Over 2,000 people have signed a petition to keep a Pakistani student and mother-of-three from deportation.
DCU student’s union (DCUSU) launched a campaign this afternoon against the looming deportation of third year early childhood education student and mother Mehwish Saqib.
For the past four years, Ms Saqib has lived in direct provision in Ireland with her husband and three children aged eight, six and three after fleeing Pakistan when their lives were in danger.
She is studying in DCU under its University of Sanctuary scheme, which provides refugees and asylum seekers in direct provision with scholarships.
Ms Saqib was issued with a letter last week that rejected her leave to remain request, which stated that she had five days to voluntarily leave the country.
In an open letter to Minister Charlie Flanagan, DCUSU urge the minister to halt her deportation.
“Should she be deported, she will be faced with death threats from the very people who drove her out of the country eight years ago. She will not be safe," the letter reads.
"Despite her challenging living circumstances in Direct Provision, she has overcome great odds to advance academically.
“She has contributed so much to this country and has aspirations of continuing to do so, passing her first two years in DCU with flying colours and dreaming of a career in Early Childhood Education," it adds.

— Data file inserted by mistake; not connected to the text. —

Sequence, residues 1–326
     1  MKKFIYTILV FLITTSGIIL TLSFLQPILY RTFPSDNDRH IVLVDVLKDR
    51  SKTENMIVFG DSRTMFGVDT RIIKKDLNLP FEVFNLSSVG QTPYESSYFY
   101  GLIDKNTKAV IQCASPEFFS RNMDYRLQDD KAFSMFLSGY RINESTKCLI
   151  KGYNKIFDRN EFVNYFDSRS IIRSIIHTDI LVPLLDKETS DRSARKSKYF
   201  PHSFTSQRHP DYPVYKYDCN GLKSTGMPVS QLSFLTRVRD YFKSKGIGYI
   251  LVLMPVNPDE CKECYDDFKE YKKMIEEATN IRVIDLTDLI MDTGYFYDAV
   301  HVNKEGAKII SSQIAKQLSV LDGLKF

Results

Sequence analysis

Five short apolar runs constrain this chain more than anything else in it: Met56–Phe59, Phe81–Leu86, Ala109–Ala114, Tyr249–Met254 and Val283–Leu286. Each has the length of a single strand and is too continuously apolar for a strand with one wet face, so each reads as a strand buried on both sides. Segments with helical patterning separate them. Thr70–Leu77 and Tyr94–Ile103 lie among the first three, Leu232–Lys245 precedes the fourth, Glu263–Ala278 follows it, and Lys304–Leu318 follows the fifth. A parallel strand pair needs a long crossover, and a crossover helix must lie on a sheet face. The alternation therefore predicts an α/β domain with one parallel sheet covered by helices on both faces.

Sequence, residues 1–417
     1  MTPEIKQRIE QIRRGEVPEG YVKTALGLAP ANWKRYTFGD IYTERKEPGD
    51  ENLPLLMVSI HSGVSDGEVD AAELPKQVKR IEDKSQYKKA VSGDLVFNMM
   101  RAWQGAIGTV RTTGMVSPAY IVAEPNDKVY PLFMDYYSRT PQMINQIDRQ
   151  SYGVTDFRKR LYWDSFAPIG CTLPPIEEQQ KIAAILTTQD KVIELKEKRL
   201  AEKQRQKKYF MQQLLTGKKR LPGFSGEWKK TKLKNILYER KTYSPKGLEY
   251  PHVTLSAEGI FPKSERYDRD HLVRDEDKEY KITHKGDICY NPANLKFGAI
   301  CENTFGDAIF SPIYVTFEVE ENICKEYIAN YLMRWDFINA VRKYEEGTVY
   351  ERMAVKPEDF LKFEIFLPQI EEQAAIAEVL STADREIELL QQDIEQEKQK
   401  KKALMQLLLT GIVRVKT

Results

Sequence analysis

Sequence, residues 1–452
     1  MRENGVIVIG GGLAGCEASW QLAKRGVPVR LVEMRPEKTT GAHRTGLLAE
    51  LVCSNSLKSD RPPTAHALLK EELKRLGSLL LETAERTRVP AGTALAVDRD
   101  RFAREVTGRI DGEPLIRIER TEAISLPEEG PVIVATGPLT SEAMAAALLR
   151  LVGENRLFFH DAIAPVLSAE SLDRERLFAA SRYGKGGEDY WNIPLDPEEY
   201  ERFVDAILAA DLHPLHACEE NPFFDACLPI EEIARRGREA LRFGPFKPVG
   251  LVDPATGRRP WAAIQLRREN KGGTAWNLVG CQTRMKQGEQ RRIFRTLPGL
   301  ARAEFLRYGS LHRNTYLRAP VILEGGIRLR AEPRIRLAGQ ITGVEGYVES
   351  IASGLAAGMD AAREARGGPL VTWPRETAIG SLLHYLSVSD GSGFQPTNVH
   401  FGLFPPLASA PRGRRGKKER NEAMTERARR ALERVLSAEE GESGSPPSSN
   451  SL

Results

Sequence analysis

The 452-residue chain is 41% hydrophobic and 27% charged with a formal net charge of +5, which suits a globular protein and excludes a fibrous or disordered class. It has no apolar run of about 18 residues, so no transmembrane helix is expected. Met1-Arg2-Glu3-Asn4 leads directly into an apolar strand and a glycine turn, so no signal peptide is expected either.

The petition currently has gained over 2,000 since it was launched this afternoon.
The Union of Students in Ireland (USI) has expressed their support for the 'We Wish for Mehwish' campaign.
USI President Lorna Fitzpatrick told Independent.ie that this is a "human rights issue".
"We stand by DCUSU in their fight in getting the message out and raising awareness on Mehwish’s case," she said.
"We would vehemently encourage everyone to sign it.
"We are calling for anybody who is in university and in direct provision for their rights to education to be protected," she added.
Ms Fitzpatrick also said that Minister Flanagan should be compassionate towards Ms Saqib’s case.
"I think Mr Flanagan should show compassion to Mehwish as she has completed two years of study in DCU and passed with flying colours while living in difficult circumstances of direct provision.
"She has a right to education and she should be allowed to access education as a whole," she added.
DCUSU said that Ms Saqib will face death threats upon her return to Pakistan.
"Despite her challenging living circumstances in Direct Provision, she has overcome great odds to advance academically. She has contributed so much to the DCU community and has aspirations of continuing to do so," reads a statement from DCUSU.
"Should she be deported, she will be faced with death threats from the very people who drove her out of Pakistan, and our community will be worse in her absence.
"We believe that all University of Sanctuary students should be able to complete their degrees in DCU, free from the risk of deportation," it adds.
The department of Justice declined to comment on individual cases.
This is not the first time DCUSU has campaigned against the deportation of a University of Sanctuary student.
Last year, the union launched a campaign to save Shepherd Machaya, originally from Zimbabwe, from being deported. He was also studying in the university under its University of Sanctuary scheme.
While several extensions were granted by the department of justice to keep Mr Machaya in the country, his case is yet to be finalised.